In the civilian system, a case of misdiagnosis is a simple material of medical malpractice for which the victim or his victim can recover. In the military, it is even simpler: it is malpractice for which there is no legal recourse. That is the sad lesson being learned by the family of Carmelo Rodriguez, a Marine and combat veteran who died of untreated cancer that could have been treated by relatively modest medical interventions. It is the result of the infamous Feres Doctrine, which continues to do untold harm to thousands of sailors and soldiers.
Under the Feres doctrine, military personnel are barred from using the government for injuries that occur in service — even in peacetime or cases of pure noncombat negligence. It is a creation of the Supreme Court and has been denounced by judges and legislators alike. Yet, Congress has refused to act. After all, giving legal rights to military personnel would be an expensive proposition. Right now, it is cheaper to maim and kill soldiers and sailors in acts of negligence. What employer would not relish such immunity?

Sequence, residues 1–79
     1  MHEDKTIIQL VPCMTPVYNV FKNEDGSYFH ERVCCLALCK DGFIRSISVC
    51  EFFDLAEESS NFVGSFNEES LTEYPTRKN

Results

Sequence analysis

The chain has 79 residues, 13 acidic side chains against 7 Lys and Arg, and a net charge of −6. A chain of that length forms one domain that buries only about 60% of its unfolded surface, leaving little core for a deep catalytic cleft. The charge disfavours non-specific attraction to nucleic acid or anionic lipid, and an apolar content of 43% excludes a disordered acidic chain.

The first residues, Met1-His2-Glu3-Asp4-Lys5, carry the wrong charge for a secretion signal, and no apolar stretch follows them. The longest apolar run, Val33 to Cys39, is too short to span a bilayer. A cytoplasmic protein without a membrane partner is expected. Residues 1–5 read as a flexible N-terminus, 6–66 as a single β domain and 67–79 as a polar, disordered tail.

For the purposes of full disclosure, I have been a critic of the Feres Doctrine for many years, including a long study on the flawed basis for its creation and its continuing harm for military personnel. Click here and here and here
In this most recent case, you have a once strong and physically robust Marine Platoon leader who served in Iraq. By the time he died this year, he was an 80-pound skeleton. The thing that killed him was an untreated skin cancer that was noted in his physical upon enlistment in 1997. The military doctor noted “melanoma on the right buttocks.” Yet, he was never told to about the finding and it was never treated for eight years until it was too late.
The question remains how long Congress will allow military personnel to be treated as bargain-basement victims of malpractice and other forms of negligence.
For the full story on this Marine, click here